Guadalupe-Diaz said he still has family in Puerto Rico, and he visits them every year. He showed pictures he took at his grandmother’s house in Puerto Rico in July 2017, a few months before the hurricane hit, then pictures of his grandmother’s house from August after the storm.


The difference was immense - after the hurricane, plants covered the yard and there was junk scattered all over the area.


“This is the same yard,” he said. “It’s unrecognizable. Maria happens and Puerto Rico loses power, and water, and cell service. I wasn’t able to communicate with relatives for a really long time,” he said.


Next to present was Vandana Singh, an environment, society & sustainability professor. She had a slightly different take than Gönen and Guadalupe-Diaz - rather than discussing the socioeconomic factors that can make a tragedy worse after the fact, she took a scientific approach, talking about how climate change can contribute to the severity of a natural disaster in the first place.


“Not all hurricanes are necessarily natural,” she said.


She shared statistics on the screen that showed the contribution climate change makes to extreme weather events, extreme heat, extreme rainfall, and extreme drought. In all studies conducted on these four types of natural disasters, the majority of them found climate change made the events more intense and/or more likely.


Singh connected these events to what Gönen said, and added that neoliberal governments often contributed more to climate change. She showed a video graphic of different countries’ contribution to climate change, which showed that the U.S. and China are the biggest contributors to carbon dioxide emissions.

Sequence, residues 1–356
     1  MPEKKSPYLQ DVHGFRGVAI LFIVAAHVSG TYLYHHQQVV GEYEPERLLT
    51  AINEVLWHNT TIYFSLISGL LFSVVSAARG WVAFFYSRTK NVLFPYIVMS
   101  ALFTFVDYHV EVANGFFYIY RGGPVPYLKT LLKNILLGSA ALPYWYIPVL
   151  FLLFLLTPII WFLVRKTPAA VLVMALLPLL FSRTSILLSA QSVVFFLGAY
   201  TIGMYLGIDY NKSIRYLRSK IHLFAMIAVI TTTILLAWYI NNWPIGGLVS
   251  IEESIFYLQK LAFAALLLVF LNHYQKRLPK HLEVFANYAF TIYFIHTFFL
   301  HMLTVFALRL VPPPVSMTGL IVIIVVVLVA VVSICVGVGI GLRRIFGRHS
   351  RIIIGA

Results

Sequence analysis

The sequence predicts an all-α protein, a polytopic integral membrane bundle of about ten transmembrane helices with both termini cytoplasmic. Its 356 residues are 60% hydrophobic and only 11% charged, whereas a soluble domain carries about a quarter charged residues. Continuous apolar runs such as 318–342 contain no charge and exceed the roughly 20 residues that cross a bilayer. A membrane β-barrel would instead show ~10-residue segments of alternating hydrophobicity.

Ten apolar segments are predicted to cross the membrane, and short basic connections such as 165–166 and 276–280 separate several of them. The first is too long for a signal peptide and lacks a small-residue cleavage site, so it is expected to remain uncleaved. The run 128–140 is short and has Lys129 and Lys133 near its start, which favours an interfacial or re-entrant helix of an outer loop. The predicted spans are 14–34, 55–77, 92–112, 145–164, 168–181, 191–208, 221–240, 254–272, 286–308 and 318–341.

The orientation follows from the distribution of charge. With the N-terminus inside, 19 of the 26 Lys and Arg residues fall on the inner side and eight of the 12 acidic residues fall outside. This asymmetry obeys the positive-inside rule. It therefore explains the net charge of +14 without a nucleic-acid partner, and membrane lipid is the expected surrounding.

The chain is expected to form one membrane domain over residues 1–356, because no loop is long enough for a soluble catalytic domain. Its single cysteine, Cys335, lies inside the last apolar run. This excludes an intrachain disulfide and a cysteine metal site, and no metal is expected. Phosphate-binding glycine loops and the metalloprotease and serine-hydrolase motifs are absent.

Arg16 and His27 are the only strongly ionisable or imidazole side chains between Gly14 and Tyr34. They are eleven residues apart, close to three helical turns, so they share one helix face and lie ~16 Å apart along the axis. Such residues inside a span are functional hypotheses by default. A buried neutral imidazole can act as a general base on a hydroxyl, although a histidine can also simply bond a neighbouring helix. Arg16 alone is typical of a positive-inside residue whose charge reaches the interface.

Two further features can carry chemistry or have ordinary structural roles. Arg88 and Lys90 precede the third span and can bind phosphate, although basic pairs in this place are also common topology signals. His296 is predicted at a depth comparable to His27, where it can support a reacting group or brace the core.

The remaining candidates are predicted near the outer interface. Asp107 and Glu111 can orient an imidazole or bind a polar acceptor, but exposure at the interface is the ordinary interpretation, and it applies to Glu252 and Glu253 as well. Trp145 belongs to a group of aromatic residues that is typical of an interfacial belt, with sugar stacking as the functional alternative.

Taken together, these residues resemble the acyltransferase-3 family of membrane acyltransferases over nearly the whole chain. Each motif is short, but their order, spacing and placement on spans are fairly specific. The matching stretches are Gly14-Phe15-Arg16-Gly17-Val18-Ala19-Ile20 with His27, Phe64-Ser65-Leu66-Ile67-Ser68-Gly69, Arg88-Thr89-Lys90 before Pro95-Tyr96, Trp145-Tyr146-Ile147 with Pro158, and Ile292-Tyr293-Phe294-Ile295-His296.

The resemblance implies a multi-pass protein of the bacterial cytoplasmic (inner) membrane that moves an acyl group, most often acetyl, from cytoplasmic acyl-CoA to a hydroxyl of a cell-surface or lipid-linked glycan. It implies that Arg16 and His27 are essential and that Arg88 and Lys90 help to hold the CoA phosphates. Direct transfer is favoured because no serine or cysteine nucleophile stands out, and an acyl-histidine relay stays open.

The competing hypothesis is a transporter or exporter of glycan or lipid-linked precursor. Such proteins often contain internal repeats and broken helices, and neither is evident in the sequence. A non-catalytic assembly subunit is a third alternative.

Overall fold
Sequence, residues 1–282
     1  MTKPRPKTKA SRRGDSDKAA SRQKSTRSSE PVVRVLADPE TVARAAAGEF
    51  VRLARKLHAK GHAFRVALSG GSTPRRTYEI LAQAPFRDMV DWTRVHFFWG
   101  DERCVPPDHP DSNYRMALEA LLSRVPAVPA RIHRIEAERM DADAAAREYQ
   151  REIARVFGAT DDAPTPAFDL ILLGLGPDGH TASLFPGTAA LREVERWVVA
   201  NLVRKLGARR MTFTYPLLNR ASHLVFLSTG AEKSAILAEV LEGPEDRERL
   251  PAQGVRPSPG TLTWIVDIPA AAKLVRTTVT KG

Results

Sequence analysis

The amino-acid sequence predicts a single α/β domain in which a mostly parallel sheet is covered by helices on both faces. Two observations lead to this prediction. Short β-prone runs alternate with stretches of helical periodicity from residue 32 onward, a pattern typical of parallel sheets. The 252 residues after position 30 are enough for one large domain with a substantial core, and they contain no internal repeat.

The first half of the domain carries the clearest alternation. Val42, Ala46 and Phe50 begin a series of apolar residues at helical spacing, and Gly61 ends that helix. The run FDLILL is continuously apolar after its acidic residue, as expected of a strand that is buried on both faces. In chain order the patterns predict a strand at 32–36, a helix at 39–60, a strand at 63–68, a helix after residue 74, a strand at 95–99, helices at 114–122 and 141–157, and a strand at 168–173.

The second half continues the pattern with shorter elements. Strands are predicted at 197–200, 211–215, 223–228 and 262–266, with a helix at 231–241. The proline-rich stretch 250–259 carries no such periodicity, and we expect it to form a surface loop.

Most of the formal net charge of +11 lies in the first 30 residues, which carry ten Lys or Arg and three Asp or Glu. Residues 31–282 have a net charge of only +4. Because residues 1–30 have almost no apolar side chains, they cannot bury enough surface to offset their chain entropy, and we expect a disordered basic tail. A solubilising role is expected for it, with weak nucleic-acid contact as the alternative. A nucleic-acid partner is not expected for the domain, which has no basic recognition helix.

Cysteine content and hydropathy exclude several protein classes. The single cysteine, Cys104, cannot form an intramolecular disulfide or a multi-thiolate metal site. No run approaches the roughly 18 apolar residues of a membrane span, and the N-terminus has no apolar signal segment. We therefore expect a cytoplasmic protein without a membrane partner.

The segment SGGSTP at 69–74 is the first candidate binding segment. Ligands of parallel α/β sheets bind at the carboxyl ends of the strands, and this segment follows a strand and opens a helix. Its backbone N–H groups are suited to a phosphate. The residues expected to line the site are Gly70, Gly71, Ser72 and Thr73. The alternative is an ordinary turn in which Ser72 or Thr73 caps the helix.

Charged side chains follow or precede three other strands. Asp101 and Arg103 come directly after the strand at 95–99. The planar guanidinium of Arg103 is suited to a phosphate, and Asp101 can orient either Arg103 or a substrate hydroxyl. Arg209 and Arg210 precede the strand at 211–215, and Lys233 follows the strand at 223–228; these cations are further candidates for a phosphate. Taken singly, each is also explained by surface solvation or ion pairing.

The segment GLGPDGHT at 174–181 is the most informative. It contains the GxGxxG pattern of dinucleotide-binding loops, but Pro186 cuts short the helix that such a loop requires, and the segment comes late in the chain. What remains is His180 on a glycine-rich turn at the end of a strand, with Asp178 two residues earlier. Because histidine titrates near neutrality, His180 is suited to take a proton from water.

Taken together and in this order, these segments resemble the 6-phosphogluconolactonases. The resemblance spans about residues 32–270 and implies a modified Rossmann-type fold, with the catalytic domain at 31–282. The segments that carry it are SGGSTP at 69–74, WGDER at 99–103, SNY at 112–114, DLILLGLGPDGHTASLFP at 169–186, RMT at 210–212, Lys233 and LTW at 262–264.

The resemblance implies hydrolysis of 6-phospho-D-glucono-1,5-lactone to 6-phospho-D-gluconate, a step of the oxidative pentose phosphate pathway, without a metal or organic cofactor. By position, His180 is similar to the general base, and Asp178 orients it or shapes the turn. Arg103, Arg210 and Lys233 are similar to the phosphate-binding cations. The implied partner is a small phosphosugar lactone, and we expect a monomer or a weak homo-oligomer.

The final presenter was Luis Rosero, an accounting, economics, and finance professor. He discussed the way natural disasters may be made better or worse by local, national, or international economies.


He began with some statistics about how natural disasters are more deadly for low-income countries than high-income countries. While statistics about where natural disasters hit were about balanced between countries of different income levels, the number of deaths due to natural disasters was much higher in low-income countries.


He also shared statistics showing that though high-income countries tend to pay more gross dollars while recovering from natural disasters, low-income countries generally lose a higher percentage of their gross domestic product due to natural disasters than high-income countries.


Rosero said people in low-income countries generally don’t pay for insurance due to a number of factors. He said insurance isn’t always available in low-income countries, and people who don’t make a lot of money can’t always justify the cost of insurance.


When answering the question of “why” this happens, Rosero once again went back to neoliberalism and capitalism.


“A lot of these economies have been set up in this very destructive nature,” he said. “We basically exploit not just the workers, but we also exploit nature.


“This, obviously, is problematic, because it creates these constant races for resources. And as countries are continuously racing to extract resources, they don’t necessarily do it in the most environmentally friendly way,” he added.


The panel ended on a more positive note as they discussed how people came together to engage in collective action in response to these tragedies.


“These disasters and subsequent flaws … really galvanized political engagement and they brought everybody together,” Guadalupe-Diaz said.


Singh said many of the tragedies saw “so-called ‘ordinary’ people” collecting and acting together, and this action applied on a wider scale would make the world better.


“It restores your faith in human nature,” Singh said.